A former wide receiver for Saddleback College in Orange County caught a 3-year-old boy who was thrown from a burning building earlier this month.
Phillip Blanks, a 28-year-old football player and former Marine, was visiting a friend in Phoenix, Arizona, on July 3 when he heard cries for help from outside. He thought it was a fight at first, but as he left the building, he heard someone shout “fire,” The Independent reported.
Blanks was barefooted when he arrived below a burning third-story apartment, and he arrived just as a mother tossed her toddler off the patio to the ground below.
Arms open, the former athlete snagged the boy, breaking his fall just inches from the ground.
“He was twirling like a helicopter. When I caught him, he was lightweight honestly,” he told CBS. “His head perfectly fell right here in my elbow. Everything was intact except for his foot, unfortunately.”
The boy and his sister were critically injured but survived the fire. Sadly, the mother succumbed to the blaze, as she was unable to escape after throwing her child to safety.
Without Blanks’s quick action, it could have ended worse.
Afterward, he made it clear that his talent as a football player helped save the boy, as he told ABC: “I know how to catch. I’ve learned how to catch a football. So I’ll give some credit to football.”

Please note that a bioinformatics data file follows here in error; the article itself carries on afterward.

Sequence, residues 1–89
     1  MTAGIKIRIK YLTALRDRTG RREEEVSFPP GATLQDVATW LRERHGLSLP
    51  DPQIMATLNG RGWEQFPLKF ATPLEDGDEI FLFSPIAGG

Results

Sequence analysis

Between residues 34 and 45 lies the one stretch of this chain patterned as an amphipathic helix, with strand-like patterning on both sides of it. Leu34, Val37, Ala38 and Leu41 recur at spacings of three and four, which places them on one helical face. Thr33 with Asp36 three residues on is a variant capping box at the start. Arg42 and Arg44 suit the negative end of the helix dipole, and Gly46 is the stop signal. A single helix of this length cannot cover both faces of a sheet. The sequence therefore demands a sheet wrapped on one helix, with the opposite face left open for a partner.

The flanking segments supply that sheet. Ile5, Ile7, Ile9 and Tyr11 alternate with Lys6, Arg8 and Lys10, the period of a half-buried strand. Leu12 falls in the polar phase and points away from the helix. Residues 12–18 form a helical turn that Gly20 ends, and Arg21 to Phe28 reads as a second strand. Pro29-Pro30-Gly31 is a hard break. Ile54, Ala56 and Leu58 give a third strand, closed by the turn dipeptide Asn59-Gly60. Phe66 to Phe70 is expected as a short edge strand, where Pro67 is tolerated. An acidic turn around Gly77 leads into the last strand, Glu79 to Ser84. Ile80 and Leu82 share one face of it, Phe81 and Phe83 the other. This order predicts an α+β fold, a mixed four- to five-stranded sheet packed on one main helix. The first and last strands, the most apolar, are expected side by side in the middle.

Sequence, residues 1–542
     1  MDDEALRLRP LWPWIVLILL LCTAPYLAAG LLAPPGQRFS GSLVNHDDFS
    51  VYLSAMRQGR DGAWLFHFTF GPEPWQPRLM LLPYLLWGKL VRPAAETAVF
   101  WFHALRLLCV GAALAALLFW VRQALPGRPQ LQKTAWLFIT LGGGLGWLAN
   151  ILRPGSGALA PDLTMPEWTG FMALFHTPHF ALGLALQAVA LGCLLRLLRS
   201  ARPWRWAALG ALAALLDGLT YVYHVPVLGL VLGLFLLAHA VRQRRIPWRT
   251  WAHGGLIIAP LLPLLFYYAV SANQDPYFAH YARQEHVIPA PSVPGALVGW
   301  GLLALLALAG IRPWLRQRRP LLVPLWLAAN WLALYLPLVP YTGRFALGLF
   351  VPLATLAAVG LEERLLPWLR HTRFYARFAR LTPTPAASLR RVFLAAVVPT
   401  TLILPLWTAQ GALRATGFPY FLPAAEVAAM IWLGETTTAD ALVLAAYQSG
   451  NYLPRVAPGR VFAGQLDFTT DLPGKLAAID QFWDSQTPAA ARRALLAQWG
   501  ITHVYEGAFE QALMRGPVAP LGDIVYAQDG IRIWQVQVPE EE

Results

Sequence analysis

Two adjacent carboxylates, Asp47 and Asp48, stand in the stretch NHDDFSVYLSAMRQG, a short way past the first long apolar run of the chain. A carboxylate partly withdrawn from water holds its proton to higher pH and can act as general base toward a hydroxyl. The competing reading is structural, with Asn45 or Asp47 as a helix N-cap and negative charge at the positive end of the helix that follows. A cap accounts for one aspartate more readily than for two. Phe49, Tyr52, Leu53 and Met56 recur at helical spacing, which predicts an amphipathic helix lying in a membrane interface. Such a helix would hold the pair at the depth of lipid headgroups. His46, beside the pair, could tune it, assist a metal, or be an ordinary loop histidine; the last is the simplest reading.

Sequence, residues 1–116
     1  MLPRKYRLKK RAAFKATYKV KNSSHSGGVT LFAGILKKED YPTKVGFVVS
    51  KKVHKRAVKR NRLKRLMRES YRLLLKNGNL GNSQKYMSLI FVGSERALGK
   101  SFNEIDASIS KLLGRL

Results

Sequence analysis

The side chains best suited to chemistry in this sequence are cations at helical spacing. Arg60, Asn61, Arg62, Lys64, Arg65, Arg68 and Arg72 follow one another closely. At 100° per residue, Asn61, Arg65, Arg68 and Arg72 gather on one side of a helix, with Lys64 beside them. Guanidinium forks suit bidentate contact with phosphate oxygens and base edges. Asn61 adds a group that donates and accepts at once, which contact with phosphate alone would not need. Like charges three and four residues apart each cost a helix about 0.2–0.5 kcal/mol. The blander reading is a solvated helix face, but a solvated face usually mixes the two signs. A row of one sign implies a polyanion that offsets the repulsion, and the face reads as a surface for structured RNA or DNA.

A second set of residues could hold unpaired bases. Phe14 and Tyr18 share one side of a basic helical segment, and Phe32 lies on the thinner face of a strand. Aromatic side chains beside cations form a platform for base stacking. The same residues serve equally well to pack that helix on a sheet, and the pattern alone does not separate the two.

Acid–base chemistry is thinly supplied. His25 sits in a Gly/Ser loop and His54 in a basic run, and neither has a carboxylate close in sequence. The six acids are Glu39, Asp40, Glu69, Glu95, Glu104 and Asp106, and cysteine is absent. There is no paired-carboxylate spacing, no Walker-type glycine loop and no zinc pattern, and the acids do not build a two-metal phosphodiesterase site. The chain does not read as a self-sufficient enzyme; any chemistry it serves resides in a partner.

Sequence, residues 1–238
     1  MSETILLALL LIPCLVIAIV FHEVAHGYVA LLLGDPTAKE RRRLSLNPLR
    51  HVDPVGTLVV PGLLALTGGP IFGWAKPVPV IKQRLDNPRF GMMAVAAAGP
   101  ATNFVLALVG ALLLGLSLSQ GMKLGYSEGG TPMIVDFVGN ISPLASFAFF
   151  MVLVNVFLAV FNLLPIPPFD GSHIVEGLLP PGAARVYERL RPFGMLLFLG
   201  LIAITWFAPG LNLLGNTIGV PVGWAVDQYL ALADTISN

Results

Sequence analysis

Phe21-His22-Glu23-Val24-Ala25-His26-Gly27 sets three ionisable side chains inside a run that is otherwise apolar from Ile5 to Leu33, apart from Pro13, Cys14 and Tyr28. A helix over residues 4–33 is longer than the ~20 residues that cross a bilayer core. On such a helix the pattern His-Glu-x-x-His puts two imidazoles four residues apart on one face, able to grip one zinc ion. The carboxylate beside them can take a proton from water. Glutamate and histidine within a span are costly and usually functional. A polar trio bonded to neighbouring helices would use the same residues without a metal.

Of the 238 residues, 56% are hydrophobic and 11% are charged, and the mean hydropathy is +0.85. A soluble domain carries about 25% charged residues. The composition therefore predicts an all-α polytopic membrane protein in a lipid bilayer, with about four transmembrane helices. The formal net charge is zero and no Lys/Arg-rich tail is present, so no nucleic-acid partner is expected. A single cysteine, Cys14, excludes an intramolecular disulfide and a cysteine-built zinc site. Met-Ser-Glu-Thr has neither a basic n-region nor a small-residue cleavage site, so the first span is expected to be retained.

His training in the Marines also played a role as well.
He added, “I can definitely credit to the Marine Corps for instilling this good training in me to save a life. I don’t see myself as a hero. A person trained to do my job is trained to protect people.”
In college, Blanks had once played football as a wide receiver in 2016, with aspirations for joining the NFL. Devastatingly, he had to abandon those dreams for personal reasons, he said.
The former player makes an effort to be helpful to others whenever he can, he says, and so he did not hesitate to step in when he heard cries for help. He also devotes time to making a difference in his community; he started his own security company and tries to help local kids stay on track.
“I always put in in my head that if something happens like this wherever I’m at, I’m gonna be the one to save the day,” he told CBS. “That’s just how I think, that’s just how I am. I like to help people.”
After the incident, Blanks told The Independent that he wanted to check up on the two surviving children to see how they are doing.
And despite his heroic act, he ultimately credits the mom who died for saving her son. “She’s the real hero of the story,” the former Marine said. “Because she made the ultimate sacrifice to save her children.”
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